Part history, part film theory and part urban studies, students explore “the intersection between the city’s real and reel histories,” meet local directors and producers, and learn about Toronto’s film festival culture.
“All movies narrate some kind of real history of the places where they're filmed or the culture they depict,” says Nayman, an author, film critic, and the course’s instructor at the Cinema Studies Institute. “Even if they end up distorting it, you can always learn something.”
Students break down movies such as what’s considered the most famous film about Toronto, Goin’ Down the Road (1970). Directed by Donald Shebib, it tells the story of two young men who leave the Maritimes, where job opportunities are few, in exchange for the bright lights of Toronto.
This film paints the city as cold and unfriendly.
“This is a movie where Toronto could be the villain, but it's not a deliberate villain,” says Nayman, who has an master’s in cinema studies from U of T. “It's so big and neutral but you see that it's these guys and their choices that are to blame, as opposed to the city not treating them well.”
Still, the movie is believed to have played a role when it comes to the strained relationship between Toronto and the rest of Canada.
Nayman also delves into the heyday of Toronto’s film history in the 1970s and 80s when movie making was driven by financial incentives.
“The government lifted all kinds of restrictions and created tax loopholes that attracted outsiders and impresarios who made a fascinating cycle of genre movies,” says Nayman.
In trying to kickstart the industry and get movies made here, lots of people used Toronto to make cheap thrillers. And there's a happy ending to that because some of the movies made out of that cycle are crucial works of art.
“In trying to kickstart the industry and get movies made here, lots of people used Toronto to make cheap thrillers. And there's a happy ending to that because some of the movies made out of that cycle are crucial works of art.”
That period launched the career of famed director David Cronenberg who Nayman calls “one of the greatest artists this country has ever produced.”
His earlier films, such as the 1983 science fiction horror Videodrome, “made Cronenberg into a cultural warrior who is a Toronto filmmaker by choice because he wants to still connect to Canada,” says Nayman.
Nayman’s course also explores films from the late ‘80s and ‘90s that reflected Toronto’s growing cultural and sexual diversity.
I’ve Heard the Mermaids Singing (1987) is comedy-drama film directed by Patricia Rozema that features a women’s love triangle and celebrates Toronto’s arts scene.
“This is a really beguiling movie,” says Nayman. “The local arts community is captured in different aspects of Rozema's filmmaking.”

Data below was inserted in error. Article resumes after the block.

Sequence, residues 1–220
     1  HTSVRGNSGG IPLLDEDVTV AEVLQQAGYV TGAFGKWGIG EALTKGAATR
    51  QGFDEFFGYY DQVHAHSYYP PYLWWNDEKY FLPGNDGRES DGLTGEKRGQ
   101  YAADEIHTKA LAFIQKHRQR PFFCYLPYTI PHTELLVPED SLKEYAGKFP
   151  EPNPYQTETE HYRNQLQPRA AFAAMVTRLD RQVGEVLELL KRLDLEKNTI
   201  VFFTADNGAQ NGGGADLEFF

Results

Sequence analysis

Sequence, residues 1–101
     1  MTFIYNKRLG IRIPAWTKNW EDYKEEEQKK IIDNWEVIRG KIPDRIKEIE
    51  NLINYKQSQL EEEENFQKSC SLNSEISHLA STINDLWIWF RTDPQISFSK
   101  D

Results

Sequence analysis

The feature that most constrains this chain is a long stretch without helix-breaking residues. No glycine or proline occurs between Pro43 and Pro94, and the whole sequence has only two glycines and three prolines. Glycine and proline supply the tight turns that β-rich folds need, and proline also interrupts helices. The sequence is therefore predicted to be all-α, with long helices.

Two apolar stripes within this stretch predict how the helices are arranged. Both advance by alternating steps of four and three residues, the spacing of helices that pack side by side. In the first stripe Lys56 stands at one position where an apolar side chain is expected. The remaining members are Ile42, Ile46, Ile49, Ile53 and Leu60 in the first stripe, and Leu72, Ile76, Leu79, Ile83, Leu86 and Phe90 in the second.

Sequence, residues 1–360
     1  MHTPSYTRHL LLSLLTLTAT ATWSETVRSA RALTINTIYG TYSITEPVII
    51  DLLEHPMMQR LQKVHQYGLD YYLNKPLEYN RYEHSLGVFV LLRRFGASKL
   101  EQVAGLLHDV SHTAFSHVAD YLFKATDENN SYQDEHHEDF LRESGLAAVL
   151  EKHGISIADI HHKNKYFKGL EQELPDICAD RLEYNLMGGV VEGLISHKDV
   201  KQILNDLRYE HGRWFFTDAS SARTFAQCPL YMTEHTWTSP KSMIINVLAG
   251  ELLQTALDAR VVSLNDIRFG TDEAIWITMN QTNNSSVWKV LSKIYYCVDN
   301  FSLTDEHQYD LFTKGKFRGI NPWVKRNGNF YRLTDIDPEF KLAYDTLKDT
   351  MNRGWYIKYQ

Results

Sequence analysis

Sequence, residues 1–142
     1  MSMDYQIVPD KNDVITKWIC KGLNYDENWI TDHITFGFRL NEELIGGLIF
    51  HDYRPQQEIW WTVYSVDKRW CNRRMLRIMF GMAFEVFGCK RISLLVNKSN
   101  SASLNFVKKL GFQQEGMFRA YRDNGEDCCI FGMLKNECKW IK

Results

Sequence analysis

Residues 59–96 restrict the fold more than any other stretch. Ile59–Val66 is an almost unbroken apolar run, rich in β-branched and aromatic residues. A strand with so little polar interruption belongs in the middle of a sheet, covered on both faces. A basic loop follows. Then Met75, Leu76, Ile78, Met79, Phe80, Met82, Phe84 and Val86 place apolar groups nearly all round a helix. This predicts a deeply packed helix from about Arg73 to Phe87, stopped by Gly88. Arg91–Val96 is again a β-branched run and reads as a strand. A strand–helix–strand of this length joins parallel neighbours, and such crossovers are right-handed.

Rude, a 1995 crime film directed by Clement Virgo, tells three distinct but interrelated stories about Black life in Toronto’s impoverished Regent Park. It was the first Canadian feature film written, produced and directed by an all-Black team.
“That movie is a landmark, and the title is deliberative. It's meant to be a provocation,” says Nayman, referring to the lack of Black representation in Canada’s film landscape.
More recent films that Nayman examines portray Toronto as a bohemian hipster paradise with a thriving indie arts and music scene.
“You look at a movie like This Movie is Broken by director Bruce McDonald, who's a famous Toronto director with a very rock 'n' roll sensibility,” says Nayman. This 2010 movie captures a young man hoping to convince his longtime crush to become his girlfriend by taking her to a Broken Social Scene concert at Harbourfront.
“They used a real concert as the backdrop,” says Nayman. “Celebrating this couple and the hipster lifestyle of sex, drugs and rock and roll, Toronto has never looked so utopian.”
In many ways, this film also represented the shifting of a neighbourhood’s identity.
The City Where Movies Are Made was a key factor in my deciding to pursue cinema studies further. The course made me aware of how the industry’s development was shaped by cultural attitudes and government policy. And the most enjoyable part of the course was learning about Canadian film history through the lens of the films featured.
“That film was paralleled with rampant gentrification in the west end,” says Nayman. “The movies gentrified along with the neighbourhood.”
Setting Toronto in a similar light was the 2010 film Scott Pilgrim vs. the World, a romantic comedy about a struggling musician trying to win a competition to get a record deal while battling his girlfriend’s seven evil exes.
With scenes shot at Pizza Pizza on Bloor Street West, the steps of Casa Loma, Lee’s Palace and other locations, it offers a virtual tour of Toronto.
“When I showed it 10 years ago, more students put up their hands and said, ‘I know that neighborhood or I know that band,” says Nayman.
“That’s happening less and less, not just because those reference points are fading, but because a lot of my students are not native Torontonians. That tells an interesting story about Toronto and about U of T. And that's also one of the subthemes of the movie: Toronto as a new home.”
Iman Bundu took Nayman’s course as part of their undergraduate degree in Cinema Studies and Critical Equity and Solidarity Studies. Graduating in 2021, they’re now completing a master of arts degree in Film + Photography Preservation and Collections Management at Toronto Metropolitan University.
“The City Where Movies Are Made was a key factor in my deciding to pursue cinema studies further,” says Bundu.
“The course made me aware of how the industry’s development was shaped by cultural attitudes and government policy. And the most enjoyable part of the course was learning about Canadian film history through the lens of the films featured.”